• Jim says:

            Well there are at least three knobs, or two knobs and a trackball or double knob on the left. If I were to guess, I'd say the one knob under the CRT has two degrees of freedom for positioning: counter/clockwise for horizontal and perhaps push/pull for vertical.

          • Jim says:

            ...(2/2) I meant to suggest to you that the central component on the right could be a joystick or light-pen holder for horizontal-vertical positioning on the CRT.

        • Jim says:

          ...or perhaps a recessed joystick on the right?

  2. Ghost_Ina_Jar says:

    Put exercise bike pedals in the middle for that all-day workout.

  3. cmt says:

    Hannover Fair, the Fischbrötchen Fair (yes, that was 20 years earlier).

  4. Landa says:

    The right monitor looks like a very flat-fronted CRT but the left one seems to be completely outside the white plastic enclosure. Is that some kind of early flatscreen or just a fixed clipboard to mount documents on?

    • Ben says:

      The left one slides so that you can get out. Which also makes the whole thing asymmetric, so you'd be looking slightly to the right all day. Both are fake displays for the model.

      • jboy says:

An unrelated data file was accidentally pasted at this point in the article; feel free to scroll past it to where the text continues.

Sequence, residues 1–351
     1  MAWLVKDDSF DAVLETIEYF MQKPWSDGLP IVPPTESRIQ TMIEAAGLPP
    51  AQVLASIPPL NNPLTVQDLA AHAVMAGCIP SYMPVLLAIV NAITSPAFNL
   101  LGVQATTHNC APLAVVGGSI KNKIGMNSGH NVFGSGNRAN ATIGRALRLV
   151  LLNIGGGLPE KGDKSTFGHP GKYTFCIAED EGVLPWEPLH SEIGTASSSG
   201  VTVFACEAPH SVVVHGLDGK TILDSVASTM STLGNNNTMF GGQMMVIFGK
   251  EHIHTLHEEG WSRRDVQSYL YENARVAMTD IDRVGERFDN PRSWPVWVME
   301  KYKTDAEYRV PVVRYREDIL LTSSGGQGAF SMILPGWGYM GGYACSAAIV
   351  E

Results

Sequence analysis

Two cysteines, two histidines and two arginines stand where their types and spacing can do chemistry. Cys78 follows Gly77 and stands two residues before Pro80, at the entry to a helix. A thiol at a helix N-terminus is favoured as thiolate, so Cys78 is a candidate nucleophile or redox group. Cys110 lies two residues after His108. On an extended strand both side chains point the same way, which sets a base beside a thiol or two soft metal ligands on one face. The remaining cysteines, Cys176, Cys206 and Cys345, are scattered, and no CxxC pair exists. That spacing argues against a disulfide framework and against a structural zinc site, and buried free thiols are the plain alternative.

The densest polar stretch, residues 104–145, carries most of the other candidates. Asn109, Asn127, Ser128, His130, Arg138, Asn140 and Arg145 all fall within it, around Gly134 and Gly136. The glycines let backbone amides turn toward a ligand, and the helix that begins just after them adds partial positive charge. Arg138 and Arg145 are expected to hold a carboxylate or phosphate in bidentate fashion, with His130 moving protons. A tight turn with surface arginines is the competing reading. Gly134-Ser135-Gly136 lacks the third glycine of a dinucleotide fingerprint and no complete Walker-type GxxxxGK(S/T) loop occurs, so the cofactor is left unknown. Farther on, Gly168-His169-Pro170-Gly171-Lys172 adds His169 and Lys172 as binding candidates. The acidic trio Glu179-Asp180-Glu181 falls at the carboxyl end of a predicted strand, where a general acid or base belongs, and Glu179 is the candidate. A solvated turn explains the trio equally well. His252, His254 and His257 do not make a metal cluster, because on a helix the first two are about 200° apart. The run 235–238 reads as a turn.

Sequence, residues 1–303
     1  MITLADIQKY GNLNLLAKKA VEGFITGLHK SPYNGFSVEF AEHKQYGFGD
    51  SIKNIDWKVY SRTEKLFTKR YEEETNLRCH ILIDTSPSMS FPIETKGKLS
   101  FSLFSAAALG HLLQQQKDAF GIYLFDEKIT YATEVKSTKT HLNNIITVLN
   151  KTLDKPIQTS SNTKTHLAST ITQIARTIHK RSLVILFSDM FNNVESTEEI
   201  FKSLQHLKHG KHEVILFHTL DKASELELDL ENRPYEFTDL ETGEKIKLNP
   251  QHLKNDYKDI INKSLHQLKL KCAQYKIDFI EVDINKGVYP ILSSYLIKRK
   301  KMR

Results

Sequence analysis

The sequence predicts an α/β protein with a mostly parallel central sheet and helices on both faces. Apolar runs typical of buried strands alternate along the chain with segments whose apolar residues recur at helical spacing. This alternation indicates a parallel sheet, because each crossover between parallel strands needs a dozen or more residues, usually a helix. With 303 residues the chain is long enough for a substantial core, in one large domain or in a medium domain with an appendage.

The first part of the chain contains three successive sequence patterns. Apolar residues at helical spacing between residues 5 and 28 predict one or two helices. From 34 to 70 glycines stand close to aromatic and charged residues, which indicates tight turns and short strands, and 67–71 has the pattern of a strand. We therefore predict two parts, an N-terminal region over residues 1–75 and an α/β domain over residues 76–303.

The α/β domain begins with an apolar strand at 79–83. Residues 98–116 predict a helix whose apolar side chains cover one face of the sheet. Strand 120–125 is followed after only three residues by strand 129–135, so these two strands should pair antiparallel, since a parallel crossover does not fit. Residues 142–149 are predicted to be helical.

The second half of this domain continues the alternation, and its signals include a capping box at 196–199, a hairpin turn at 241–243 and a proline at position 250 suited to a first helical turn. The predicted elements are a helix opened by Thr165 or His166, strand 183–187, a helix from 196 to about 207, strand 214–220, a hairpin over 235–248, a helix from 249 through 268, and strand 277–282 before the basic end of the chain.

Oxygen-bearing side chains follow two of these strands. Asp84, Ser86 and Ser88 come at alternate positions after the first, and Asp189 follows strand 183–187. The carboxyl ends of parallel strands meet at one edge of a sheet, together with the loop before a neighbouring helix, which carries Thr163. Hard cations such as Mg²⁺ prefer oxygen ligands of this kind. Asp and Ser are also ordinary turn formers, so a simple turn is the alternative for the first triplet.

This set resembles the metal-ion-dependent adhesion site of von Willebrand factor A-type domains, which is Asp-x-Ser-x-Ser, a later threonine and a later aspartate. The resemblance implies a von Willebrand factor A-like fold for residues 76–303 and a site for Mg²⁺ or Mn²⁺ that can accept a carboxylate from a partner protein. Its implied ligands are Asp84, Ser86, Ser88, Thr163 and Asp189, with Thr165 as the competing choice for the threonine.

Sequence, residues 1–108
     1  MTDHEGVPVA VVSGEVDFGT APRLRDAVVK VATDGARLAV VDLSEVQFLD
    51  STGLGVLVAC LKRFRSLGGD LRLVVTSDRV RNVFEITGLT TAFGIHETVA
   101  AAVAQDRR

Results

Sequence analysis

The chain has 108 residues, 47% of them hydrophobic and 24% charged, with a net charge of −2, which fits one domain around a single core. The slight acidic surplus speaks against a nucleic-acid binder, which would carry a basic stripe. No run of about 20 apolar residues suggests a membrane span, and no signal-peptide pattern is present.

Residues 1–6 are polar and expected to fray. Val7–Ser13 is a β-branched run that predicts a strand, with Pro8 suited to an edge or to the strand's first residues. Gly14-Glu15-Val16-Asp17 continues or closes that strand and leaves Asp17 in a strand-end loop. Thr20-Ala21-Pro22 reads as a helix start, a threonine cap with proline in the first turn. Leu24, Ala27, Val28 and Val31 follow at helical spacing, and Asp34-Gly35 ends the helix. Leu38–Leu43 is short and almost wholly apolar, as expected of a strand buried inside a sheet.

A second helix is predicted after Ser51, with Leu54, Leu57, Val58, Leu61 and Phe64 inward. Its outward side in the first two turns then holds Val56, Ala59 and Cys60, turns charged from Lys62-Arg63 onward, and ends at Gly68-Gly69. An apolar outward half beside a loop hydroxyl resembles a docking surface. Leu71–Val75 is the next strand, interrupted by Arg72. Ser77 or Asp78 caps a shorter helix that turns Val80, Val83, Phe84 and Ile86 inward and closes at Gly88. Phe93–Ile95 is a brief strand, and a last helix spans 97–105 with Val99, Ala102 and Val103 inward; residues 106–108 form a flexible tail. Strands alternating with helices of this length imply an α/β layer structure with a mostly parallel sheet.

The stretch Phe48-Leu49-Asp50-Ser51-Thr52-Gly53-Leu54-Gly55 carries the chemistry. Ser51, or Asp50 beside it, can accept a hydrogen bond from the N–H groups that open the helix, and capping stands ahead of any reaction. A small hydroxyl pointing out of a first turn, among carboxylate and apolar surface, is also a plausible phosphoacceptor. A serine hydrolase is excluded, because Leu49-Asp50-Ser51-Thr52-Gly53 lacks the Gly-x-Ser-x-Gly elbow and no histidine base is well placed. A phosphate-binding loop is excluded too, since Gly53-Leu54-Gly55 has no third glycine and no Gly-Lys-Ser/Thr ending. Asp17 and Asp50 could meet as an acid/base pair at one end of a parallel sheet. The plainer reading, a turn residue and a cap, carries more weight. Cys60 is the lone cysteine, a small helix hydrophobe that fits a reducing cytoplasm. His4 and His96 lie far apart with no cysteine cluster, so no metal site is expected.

Yeah, looking slightly to the right all day will eventually give you neck pains or posture problems. Shame that they stumbled on the final hurdle.

        ... Unless the monitor on the right is intended more for occasional 1960s-era short video-messages (Jim Kirk telling you to meet him in his quarters) rather than all-day 2020s Zoom meetings? and you're mostly looking forward to the document you're reading or typing up?

    • Jim says:

      The left screen looks like a microfilm/fiche reader to me.

  5. kfringe says:

    Strong Project Cybersyn vibe.

  6. Louis says:

    A quick google says LCD (for pocket watches) was invented in 1964, and TN panels in 1969. I guess this was more of a mock-up of what's possible "in a few years".

    If they had a working model they probably thought "Computers don't need color screens.".

    • グレェ「grey」 says:

      It definitely has that look. More in alignment with Alan Kay's Dynabook mock up which some date to as early as 1968 (though other estimates are the early 1970s), which built on the ideas of flat panel displays, wireless packet radio, and extrapolating what could be possible eventually. Albeit, I seem to recall reading some writings of Alan Kay's in more recent years, where he referred to something such as a laptop or iPad/tablet as a Dynabook, but that everything on the market still fell far short of his vision.

      Then again, we also apparently only got approximately 3% of Engelbart's vision too. Some innovators were way too ahead of their time, and doubtlessly didn't foresee technological innovations being bogged down by spammers, analytics engines, and surveillance capitalism.

  7. jboy says:

    I'm also digging the space-age silver mini-dresses that people wear to the office in the 1960s future.

    • Michael Sternberg says:

      That makes the open middle all the more puzzling. There is a reason why the part of office tables in front of the user's knees is called modesty panel.

  8. Jim says:

    Happy Halloween, Jamie!